Now that I've taught a few jewelry making classes at Maple Grove Cemetery, I decided to take one as a student. I love teaching, but wanted to see what it would be like to relax and be on the other side of the table, so to speak.
Yesterday, I joined my friend Helen's jewelry art class. Helen put together frames with velvet backgrounds; we then glued old pieces of jewelry into designs. Here is my masterpiece, which is supposed to be a vase filled with flowers. Not my finest work, but I had a good time making it!
I always enjoy exploring the administration building because it's filled with so many interesting old items and is like a museum. At this workshop, we got a chance to sift through the bags and bags -- and bags!!! -- of jewelry. It was overwhelming! There were cabochons of every size and color, pearls, beads, gold pieces, decorative hearts, filigree pendants... you name it, it was there.
A few of the other women had done this project before, so they had great ideas. One made a giant shamrock filled with green beads. Another made a sailboat out of shells. And one woman made a silver and turquoise Southwestern-style cross for her ill friend. She actually brought her own beads to the class; they were from a broken rosary. Her design was so clever and turned out beautifully.
It took a few hours to complete our pieces, but I really enjoyed the company. I chatted with the other ladies, but no one bothered me during the times when I needed to zone out and concentrate. One of my issues with the enameling class was that the conversations always turned to stressful topics. I like to use art as an escape and don't want to spend that particular time thinking about politics or personal problems. I certainly don't want to block out reality altogether, but I need my art to be a refuge. In the Maple Grove class, it was the escape I was looking for.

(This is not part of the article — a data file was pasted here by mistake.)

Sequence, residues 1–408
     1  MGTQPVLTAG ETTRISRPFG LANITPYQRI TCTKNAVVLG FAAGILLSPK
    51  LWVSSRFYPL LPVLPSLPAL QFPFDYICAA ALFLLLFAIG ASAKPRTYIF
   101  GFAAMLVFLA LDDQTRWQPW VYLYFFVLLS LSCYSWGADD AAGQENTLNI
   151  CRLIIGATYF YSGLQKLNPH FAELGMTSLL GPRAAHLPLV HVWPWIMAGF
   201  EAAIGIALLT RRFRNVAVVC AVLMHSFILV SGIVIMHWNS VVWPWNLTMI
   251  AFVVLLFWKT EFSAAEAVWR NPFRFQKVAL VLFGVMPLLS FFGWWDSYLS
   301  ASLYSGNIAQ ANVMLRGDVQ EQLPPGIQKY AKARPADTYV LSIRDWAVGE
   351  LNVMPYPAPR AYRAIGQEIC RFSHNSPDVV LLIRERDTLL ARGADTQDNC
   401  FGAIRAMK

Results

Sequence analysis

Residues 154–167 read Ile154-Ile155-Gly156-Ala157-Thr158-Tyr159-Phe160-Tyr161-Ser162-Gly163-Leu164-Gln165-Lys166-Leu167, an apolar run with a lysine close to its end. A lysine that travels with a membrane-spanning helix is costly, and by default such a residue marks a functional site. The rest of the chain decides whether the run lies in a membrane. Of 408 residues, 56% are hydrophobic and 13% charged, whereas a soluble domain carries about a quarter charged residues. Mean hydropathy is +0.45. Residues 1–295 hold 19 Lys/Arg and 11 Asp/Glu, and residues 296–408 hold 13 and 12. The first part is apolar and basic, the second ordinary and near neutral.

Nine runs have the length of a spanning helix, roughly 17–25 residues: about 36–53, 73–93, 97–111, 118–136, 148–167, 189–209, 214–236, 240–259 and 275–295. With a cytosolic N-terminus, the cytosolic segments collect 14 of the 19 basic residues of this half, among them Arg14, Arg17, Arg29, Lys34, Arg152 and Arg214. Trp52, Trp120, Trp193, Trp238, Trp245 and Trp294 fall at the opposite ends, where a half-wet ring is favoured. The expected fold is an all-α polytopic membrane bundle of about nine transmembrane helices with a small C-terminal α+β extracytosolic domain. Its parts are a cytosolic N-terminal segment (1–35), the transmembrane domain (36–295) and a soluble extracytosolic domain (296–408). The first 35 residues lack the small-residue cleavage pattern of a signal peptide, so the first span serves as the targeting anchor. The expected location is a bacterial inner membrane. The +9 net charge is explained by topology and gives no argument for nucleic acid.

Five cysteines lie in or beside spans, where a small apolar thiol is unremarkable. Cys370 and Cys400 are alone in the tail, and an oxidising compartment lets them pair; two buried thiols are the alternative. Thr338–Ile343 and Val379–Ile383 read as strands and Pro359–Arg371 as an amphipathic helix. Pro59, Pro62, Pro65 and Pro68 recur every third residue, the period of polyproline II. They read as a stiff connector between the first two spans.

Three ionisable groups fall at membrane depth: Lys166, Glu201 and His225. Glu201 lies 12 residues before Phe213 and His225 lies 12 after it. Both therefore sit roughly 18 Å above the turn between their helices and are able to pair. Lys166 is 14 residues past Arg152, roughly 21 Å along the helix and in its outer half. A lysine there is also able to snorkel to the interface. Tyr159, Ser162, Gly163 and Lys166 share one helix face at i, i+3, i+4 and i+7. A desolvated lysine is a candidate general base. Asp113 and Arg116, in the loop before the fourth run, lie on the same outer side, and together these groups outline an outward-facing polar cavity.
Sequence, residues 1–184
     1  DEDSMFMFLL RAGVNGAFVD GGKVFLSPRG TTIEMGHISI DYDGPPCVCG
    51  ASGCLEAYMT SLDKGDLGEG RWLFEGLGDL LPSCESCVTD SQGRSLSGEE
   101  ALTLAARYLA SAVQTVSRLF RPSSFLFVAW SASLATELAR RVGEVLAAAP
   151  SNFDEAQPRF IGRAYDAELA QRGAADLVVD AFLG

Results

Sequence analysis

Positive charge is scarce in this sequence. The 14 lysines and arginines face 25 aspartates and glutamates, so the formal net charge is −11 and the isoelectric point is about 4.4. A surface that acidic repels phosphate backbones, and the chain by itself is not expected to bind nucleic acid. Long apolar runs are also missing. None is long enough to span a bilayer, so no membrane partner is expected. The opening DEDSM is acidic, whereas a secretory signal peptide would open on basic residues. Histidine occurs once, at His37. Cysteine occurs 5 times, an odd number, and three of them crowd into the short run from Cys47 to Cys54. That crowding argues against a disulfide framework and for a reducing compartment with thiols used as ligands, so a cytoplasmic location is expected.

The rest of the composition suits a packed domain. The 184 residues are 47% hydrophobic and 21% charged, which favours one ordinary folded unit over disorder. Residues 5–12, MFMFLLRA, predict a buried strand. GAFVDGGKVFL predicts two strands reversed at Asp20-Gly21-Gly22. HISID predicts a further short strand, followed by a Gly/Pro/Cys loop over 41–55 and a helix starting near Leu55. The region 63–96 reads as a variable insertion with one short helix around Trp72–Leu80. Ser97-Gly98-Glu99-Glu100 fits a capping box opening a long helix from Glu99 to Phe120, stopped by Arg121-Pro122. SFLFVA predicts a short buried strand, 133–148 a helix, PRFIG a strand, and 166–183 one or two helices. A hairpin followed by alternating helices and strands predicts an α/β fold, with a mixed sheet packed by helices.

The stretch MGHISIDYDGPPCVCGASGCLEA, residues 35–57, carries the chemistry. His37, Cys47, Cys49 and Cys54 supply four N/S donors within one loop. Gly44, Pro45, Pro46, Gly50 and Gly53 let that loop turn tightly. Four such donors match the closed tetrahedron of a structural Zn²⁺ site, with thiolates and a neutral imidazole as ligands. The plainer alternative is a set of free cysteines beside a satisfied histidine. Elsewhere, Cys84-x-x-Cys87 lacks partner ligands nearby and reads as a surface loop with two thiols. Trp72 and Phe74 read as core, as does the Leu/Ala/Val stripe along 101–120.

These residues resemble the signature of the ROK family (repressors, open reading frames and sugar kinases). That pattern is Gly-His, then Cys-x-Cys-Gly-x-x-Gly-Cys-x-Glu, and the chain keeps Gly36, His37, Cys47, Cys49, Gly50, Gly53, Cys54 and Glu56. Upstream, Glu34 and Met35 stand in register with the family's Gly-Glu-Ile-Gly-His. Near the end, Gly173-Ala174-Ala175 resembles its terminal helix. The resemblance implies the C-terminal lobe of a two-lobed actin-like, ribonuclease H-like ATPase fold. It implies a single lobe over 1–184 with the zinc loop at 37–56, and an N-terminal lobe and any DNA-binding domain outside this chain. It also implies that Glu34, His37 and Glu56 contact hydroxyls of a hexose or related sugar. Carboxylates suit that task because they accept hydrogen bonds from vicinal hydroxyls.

In the early afternoon, we broke for lunch, where we were served our delicious meal of polenta and rice on hundred-year-old plates. As we ate, we were told tales about the cemetery's residents by our other host and local historian, Carl. According to him, Maple Grove includes the grave of George W. Johnson, a famous African-American singer from the late 1800s, who was known for "The Laughing Song," as well as the tomb of Count Joannes -- an actor who was so brilliant that thieves attempted to steal his brain from his plot.
I was especially pleased to see a couple of my students at this class -- and a few of them were wearing the pendants they'd made in my workshop. They were eager for me to host another class, which was really nice. I plan to have them make earrings during the next session.
I'm so happy that I discovered Maple Grove last year. It's a wonderful place and an important part of my town's history. I'm also grateful to have made some new friends.